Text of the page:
A method in conformity with the understanding of this age

In the face of these pragmatic and materialist currents of thought, Islam’s own particular world view had to be presented by positivist methods. The necessity arose to present Islam by a new method appropriate to the level of understanding of the present century.

It was this that Bediuzzaman Said Nursi did. He stated that no matter of Islam was contrary to reason. On the contrary, it was possible to prove and explain all its matters rationally. As while comparing Islam and Christianity, he saw that the great error of Christianity lay in its attaching no importance to reason and proof, and in its blind imitation of the clergy:

“What has cast Christians and their likes into misguidance is none other than their dismissal of the reason, rejection of proof, and blind imitation of the clergy.”1

Islam relies on reason and proof

Bediuzzaman states that according to his nature, man always seeks renewal, that he is “inclined towards renewal,”2 and that Islam is in conformity with this:

“What continually makes Islam manifest and makes it develop in relation to the advancement of thought is its being founded on reality, relying on proof, being in agreement with the reason, established on reality, and being in conformity with the principles of wisdom, which are bound to one another from pre-eternity to post-eternity.”3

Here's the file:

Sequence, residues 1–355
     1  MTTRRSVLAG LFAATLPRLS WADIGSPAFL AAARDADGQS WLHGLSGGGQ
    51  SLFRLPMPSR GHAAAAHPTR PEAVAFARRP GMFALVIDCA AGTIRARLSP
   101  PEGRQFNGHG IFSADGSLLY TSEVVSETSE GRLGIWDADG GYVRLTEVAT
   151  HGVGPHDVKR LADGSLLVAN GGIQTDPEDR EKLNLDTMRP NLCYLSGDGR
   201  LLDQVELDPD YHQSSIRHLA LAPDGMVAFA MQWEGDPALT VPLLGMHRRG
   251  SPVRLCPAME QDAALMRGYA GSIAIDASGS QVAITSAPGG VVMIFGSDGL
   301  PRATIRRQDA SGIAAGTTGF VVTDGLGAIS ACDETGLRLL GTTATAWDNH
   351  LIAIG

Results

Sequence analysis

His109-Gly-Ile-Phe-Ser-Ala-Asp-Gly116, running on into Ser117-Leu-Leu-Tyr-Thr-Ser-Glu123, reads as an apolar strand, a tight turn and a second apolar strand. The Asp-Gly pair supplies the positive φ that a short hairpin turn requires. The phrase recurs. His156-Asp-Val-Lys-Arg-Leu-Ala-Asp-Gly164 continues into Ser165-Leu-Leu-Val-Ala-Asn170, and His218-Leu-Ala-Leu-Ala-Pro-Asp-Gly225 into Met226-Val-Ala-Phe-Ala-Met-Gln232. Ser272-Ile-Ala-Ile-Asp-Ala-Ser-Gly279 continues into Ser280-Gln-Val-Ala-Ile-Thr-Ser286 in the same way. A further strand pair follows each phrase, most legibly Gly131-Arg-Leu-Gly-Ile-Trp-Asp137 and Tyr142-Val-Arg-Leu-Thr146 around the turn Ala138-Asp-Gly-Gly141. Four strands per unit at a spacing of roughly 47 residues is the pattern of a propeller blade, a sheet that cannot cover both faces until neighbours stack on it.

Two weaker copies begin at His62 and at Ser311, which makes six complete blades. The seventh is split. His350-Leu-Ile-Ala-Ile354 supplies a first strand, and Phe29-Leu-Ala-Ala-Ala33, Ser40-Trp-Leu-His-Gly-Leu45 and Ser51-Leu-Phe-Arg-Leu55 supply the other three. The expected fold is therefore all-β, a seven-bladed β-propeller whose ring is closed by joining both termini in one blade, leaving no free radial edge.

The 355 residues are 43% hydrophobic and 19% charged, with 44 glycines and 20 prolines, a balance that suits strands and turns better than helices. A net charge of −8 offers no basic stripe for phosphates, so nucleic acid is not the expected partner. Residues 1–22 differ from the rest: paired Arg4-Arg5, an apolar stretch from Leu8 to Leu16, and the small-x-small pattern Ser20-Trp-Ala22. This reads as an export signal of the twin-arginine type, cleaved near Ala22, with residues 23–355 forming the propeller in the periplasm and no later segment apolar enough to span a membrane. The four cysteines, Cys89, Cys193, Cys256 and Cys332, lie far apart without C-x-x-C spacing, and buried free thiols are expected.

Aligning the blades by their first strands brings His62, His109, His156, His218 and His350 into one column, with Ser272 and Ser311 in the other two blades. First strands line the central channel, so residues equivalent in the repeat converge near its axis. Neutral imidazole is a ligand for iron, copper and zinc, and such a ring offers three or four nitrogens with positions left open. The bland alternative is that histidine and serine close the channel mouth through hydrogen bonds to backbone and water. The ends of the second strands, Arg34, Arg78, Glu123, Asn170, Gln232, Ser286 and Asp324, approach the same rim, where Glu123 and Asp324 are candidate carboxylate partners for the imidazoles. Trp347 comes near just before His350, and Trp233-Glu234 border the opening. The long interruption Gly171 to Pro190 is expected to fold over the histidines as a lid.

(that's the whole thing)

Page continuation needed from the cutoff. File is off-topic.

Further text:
Bediuzzaman says that Muslims consider everything through reason and thought:

“We Muslims, who are students of the Qur’an, follow proof. We approach the truths of belief through reason, thought, and our hearts. We do not abandon proof for blind imitation of the clergy like some followers of other religions. Thus, in the future when reason, science, and technology prevail, the Qur’an will surely then rule, which relies on reasoned proofs and makes the reason confirm its pronouncements.”4

Bediuzzaman knew that in the future all power would lie in science:

“For sure, at the end of time, mankind will pour into science and technology. It will obtain all its power from science. Power and dominion will pass to the hand of science.”5

According to Bediuzzaman, in the future, truth will take the place of force, and proof the place of sophistry:

“Through the endeavors of science, what will prevail entirely in the present and totally in the future, is truth instead of force, proof instead of sophistry, and reason instead of nature.”6